Gavin’s goals were all monetary and self-interest based. He was a grumpy jerk and I hated him a lot of the time. In much the same way that I loved Royce a lot of the time. Until they both were pushed far enough to see their true colors (shining through like a rainbow… wink wink). I thought it was an interesting contrast and I liked this a lot, especially as you can see the growth in one for the better, while the other slides down the slippery slope.

I did feel a little bit that even though we do get multiple layers in their characterisation, sometimes it was too easy to fall back to their main character points- of disillusioned jerk or everything is for family etc. 

We see a lot more of the fantasy elements as the story builds. Creatures and cool magics- there were stones that held power called Embers (colors had different uses), Paladins, voodoo magic (love voodoo magic) to name a few. It seemed like we were seeing different elements from different beliefs and I assume (hope) we will get to explore these beliefs/cultures a bit more in the next book.

There was a choice fairly early in the book that surprised me. I liked this choice for setting the tone of expectation for everything that followed. 

While there weren’t any huge twists in the end ala. Justin Anderson (last years winner) there were small surprises a long the way. There was lots of action- battles and chases (loved the whole part with the Revenant) and a good steady build to the end conflicts. The one fight felt larger in scale, while the other was bigger on a personal level. It was satisfying on both accounts. 

Minor things

Repetition- in thoughts, especially Royce about his family, Beau’s worries about not telling Julius about his dad but also occasionally in storytelling, things that are said twice but worded differently etc. 

A few fun, but convenient plot movers- Paladin’s brother, finding the sword, Shadow-cry reappears (the bird) after being gone long enough to wonder what happened to him. 

As I said, minor, because there wasn’t enough here to keep me from enjoying the book. It was quite the opposite actually, I was always wanting to get back to these characters to see how they fared and found myself trying to slow down my reading to make the story last longer, which is saying a lot in a 600-page book.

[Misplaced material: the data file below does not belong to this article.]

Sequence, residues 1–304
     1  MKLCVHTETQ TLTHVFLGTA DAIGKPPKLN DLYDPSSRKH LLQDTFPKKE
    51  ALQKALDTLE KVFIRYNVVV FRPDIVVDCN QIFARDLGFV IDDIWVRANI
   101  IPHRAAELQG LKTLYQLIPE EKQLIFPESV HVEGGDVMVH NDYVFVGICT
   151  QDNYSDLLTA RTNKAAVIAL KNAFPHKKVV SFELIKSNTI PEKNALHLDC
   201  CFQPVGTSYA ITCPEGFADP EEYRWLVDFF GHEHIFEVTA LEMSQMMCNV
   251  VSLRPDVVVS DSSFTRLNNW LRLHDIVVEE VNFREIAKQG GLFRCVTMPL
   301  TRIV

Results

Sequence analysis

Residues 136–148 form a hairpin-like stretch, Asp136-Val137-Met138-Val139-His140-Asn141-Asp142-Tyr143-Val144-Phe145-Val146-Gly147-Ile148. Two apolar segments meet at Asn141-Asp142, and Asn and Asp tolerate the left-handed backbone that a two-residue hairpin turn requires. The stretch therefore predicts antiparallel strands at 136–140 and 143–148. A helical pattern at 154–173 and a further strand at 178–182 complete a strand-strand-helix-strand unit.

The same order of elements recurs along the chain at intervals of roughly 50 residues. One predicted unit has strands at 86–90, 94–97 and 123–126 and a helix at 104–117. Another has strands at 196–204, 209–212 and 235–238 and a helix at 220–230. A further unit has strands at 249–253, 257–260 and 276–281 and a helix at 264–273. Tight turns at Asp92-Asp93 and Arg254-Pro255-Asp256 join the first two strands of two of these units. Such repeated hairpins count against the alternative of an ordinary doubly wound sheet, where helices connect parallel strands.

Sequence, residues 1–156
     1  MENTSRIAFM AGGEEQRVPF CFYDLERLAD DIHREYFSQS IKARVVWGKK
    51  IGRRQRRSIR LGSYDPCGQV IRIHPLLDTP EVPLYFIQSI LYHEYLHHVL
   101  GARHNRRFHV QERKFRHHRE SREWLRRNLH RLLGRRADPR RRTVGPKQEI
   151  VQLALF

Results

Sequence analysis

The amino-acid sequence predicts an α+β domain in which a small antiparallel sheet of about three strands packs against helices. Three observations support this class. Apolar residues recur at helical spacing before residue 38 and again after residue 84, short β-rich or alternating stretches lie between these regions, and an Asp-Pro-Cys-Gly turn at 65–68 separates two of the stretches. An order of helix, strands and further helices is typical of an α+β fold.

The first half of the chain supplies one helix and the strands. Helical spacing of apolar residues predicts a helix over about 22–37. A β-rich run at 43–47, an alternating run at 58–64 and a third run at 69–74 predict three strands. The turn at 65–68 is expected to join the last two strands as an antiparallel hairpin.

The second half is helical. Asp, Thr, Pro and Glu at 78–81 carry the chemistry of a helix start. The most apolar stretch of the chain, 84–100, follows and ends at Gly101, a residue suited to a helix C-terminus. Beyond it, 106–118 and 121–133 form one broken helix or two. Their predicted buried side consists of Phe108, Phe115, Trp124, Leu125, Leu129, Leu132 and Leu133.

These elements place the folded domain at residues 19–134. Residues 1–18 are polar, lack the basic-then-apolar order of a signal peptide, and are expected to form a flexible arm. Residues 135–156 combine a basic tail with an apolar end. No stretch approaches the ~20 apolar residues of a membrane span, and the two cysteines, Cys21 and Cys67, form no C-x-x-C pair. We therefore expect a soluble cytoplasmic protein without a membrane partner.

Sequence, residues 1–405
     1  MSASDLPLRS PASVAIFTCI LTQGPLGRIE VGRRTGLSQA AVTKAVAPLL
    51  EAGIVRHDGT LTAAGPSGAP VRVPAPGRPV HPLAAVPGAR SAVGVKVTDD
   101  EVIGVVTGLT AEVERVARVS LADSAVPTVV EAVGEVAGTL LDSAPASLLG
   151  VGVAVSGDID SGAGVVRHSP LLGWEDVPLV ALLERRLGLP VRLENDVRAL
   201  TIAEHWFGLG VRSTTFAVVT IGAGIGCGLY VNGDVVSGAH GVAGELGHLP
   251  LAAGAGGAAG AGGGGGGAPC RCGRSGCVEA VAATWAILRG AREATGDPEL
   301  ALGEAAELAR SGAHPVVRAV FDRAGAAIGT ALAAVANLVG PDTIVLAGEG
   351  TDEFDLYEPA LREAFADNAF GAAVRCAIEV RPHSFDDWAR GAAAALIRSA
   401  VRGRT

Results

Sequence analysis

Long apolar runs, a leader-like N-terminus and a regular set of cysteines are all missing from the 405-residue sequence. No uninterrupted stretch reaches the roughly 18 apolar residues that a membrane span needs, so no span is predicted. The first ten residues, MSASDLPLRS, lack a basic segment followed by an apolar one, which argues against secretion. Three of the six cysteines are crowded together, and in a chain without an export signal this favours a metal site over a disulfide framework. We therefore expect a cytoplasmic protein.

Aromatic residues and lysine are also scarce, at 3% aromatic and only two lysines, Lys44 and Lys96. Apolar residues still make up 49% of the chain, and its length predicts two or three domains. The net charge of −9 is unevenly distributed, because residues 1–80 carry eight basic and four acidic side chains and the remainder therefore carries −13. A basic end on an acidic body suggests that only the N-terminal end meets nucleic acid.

Other notes

Dear author/Mr. Shillingford, pretty please with sugar on top, think of me as a reviewer when book two is ready for release. 

I liked that we get introduced to the cast like they’re going to be around for a while- so no one felt totally safe.

I expected Beau’s mother shared ancestry with the warlocks to come in to play. But maybe later…. do we have a magical king on the horizon?

There was a lot to unpack here, and this does feel like a series starter, but it ends in a good place that will let you rest easy in between books.



The Conjuring of Zoth-Avarex: The Self-Proclaimed Greatest Dragon in the Multiverse by K.R.K. Lockhaven

Pub Date- April 1 2021

Genre - Fantasy/Comedy

Harris, recently hired at the Site (think Eureka, the fantasy edition) has spent the last year at a supersecret magical training school. His new job begins just as a new project- one that has been in the works for the past 37 years, is ready to be put into motion.

The Site plans to conjure another Dragon. Hopefully with better results than their last effort.

The conjuring is a success but the results are predictably, no better, as Zoth- Avarex the aforementioned conjured dragon from the Titan realm, promptly steals the most beautiful girl in the room, and parks himself on the top of the Seattle Needle, like King Kong but with hostage negotiation skills.

This book tickled me to no end. I swear I am going to have to eat my words because I always say I don’t care for comedy/fantasy books, but this was just so delightfully charming with a bit goofiness rolled in. I enjoyed it a lot. It’s also a very quick read for an almost 400-page book. 

I loved Zoth and his arrogance and sarcasm, and his footnotes were hilarious.

Most of the humour was right up my alley. I am fan of the tongue-in-cheek and stabs at our society etc. and there were lots of fun references throughout; everything from books to current day stuff. (Think Ready Player One kind of idea but with that light-hearted warm humour you would find in Eureka.)

Harris is like most of us fantasy lovers and wouldn’t mind having some of the stuff we read about in books be real. He is easy-going and likeable. I enjoyed his pov. Actually, the characters were all likeable, eccentrics. 

I do have to gripe about the mid-point pov switch (everyone knows how much I love that) we begin with Harris and Zoth, after that we get everyone. So, it was a bit of an adjustment trying to place which person the new pov was in.

 I did wish there was more character building because we don’t get a lot of time exploring them but the book is just so ridiculously entertaining, it was hard to care for long. 

It could have used a minor edit to catch those some stray letters and words (This actually could have been a format error too since I do use an app). The cover is wonderful. I had seen it on twitter before the contest opened and the whimsical style caught my eye. I had even added it to my Amazon Wishlist based on the cover. 

All in all, needs a teeny bit of love in places but the book is a barrel of laughs and I smiled though the whole thing. What a wonderfully fun story! I hope everyone will check it out.

Other notes-

Zoth’s world gave me such Wizard of Oz vibes while walking though the flower field but the size of everything made me think Jack the Giant Slayer- I couldn’t decide if we were going to get a giant or a man behind a curtain or neither…

The Shadow & The Sun by Monica Enderle Pierce

Pub Date - April 22 2016

Cover Design - Scott Pierce, Cover/Interior Illustrations- Qistina Khalidah

Genre - Fantasy/Romance

Series - Militess & Mage #1